Edwina (aka Eddie) and Sally are best friends growing up in a small American community. Eddie writes lists to help her make sense of life, and deals with more serious problems by snapping the coloured rubber bands that she wears on her wrist. The story follows the girls’ friendship through a difficult summer – Sally’s grandmother, Willie, is ill and the girls have to face up to a changing future.
The theme of change is developed using striking imagery, but is unnecessarily hammered out in the final chapters. The book grapples with some difficult emotional issues. It’s a brave attempt to deal with the realities of growing old, illness and death, but ultimately fails to satisfy – only really succeeding in highlighting the strength of friendship.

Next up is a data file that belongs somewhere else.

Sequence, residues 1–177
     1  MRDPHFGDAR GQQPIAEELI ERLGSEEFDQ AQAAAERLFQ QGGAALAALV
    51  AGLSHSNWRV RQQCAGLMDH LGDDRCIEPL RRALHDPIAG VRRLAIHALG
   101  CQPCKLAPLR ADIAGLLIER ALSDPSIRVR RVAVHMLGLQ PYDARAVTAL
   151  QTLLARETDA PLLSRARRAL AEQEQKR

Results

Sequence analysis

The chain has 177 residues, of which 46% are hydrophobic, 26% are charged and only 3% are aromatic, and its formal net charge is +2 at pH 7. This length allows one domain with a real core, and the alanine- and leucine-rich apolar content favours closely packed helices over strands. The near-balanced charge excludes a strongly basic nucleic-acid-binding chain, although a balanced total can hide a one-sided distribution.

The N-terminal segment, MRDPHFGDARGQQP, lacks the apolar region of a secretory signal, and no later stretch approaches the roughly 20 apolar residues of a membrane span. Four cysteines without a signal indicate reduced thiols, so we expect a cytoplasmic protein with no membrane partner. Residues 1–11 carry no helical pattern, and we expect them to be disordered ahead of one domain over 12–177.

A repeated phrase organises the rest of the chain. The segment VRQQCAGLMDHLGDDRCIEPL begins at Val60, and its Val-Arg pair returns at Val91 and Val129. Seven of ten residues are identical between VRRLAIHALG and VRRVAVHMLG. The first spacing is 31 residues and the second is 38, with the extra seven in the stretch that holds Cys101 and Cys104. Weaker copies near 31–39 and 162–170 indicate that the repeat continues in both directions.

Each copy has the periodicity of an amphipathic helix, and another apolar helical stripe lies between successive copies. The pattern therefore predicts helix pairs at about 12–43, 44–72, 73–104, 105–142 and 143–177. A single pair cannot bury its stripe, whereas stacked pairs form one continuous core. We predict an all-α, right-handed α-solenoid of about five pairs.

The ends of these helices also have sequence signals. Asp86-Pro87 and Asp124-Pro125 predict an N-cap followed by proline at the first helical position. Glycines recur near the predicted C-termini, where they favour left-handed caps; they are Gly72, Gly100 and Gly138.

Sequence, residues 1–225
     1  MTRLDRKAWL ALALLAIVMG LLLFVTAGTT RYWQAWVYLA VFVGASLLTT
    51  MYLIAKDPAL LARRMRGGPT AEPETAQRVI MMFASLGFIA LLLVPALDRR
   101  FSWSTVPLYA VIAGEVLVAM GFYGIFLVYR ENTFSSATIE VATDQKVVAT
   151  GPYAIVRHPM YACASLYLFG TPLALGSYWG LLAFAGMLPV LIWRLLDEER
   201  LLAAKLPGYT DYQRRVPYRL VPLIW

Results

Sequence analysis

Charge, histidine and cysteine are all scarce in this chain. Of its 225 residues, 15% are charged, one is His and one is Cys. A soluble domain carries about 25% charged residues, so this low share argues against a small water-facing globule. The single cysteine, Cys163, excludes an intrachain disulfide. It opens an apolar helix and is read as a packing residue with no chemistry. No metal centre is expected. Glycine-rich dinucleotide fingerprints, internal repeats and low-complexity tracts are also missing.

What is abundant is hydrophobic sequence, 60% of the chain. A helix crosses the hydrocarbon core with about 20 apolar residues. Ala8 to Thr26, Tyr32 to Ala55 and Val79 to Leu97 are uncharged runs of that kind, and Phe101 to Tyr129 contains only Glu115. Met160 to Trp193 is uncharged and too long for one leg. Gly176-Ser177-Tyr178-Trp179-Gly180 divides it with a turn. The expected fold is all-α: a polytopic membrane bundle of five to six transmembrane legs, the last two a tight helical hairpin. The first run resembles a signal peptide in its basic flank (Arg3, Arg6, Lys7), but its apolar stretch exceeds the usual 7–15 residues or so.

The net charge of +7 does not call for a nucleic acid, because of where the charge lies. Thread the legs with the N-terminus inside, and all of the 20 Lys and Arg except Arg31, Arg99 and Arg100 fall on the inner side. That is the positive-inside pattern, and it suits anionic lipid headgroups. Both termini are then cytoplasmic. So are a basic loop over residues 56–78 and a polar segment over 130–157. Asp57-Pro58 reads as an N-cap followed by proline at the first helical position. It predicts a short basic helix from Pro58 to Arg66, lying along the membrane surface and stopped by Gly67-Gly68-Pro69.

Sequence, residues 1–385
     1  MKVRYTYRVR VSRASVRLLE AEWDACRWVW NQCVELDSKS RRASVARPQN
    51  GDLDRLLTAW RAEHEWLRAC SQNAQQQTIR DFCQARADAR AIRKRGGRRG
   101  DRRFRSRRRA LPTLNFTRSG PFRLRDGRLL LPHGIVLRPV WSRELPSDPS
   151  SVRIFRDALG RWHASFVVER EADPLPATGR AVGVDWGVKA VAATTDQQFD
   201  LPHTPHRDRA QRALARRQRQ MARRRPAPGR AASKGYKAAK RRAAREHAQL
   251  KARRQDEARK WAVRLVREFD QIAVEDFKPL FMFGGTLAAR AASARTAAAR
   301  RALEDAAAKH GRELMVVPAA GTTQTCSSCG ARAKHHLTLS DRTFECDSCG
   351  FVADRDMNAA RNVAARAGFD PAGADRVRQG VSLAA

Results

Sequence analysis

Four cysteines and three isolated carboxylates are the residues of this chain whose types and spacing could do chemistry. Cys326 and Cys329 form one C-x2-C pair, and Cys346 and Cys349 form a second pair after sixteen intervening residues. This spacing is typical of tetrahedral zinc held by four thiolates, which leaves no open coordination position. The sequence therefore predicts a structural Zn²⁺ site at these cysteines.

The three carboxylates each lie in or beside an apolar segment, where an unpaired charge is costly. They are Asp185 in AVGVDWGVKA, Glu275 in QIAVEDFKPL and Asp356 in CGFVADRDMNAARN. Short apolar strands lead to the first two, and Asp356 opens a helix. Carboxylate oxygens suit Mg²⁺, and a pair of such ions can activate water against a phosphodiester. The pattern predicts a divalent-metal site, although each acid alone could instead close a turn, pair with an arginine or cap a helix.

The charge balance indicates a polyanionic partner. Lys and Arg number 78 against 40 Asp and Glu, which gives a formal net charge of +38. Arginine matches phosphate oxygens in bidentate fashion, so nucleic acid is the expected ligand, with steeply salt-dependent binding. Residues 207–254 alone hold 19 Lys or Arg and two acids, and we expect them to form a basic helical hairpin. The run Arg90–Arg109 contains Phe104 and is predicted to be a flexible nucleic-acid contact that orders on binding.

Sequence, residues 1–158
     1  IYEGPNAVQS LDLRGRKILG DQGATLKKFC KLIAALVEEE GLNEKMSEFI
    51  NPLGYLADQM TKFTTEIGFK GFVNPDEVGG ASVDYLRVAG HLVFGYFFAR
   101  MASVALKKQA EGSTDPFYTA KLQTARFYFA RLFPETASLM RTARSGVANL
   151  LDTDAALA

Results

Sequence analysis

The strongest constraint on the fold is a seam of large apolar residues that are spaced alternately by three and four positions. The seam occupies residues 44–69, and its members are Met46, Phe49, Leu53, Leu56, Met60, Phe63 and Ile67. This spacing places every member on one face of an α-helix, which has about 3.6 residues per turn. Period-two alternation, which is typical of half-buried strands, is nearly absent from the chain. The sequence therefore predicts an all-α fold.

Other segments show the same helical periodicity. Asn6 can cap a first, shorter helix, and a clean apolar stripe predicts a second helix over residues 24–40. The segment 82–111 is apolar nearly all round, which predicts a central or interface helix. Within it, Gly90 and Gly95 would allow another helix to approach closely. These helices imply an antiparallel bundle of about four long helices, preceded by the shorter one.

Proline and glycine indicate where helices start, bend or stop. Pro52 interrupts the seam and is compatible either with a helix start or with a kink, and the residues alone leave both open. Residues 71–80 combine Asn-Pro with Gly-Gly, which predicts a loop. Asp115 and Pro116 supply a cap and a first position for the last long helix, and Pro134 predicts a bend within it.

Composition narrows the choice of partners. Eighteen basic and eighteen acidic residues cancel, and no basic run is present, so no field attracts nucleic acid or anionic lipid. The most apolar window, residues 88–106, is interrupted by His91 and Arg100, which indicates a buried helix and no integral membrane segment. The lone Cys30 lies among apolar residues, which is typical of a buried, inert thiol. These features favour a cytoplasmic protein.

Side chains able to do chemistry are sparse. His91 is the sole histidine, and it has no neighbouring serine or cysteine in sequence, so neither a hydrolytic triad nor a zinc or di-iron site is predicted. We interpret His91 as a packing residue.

The book is not suitable for younger children, and although the characters are both 11 years old, the content and style of this book makes it far more appropriate for young teenagers. Snap was first published in the US, and while the American spellings add ‘flavor’ to Eddie’s narrative, I suspect the references to V8 Juice, cookies and butternut trees may not appeal to a British readership.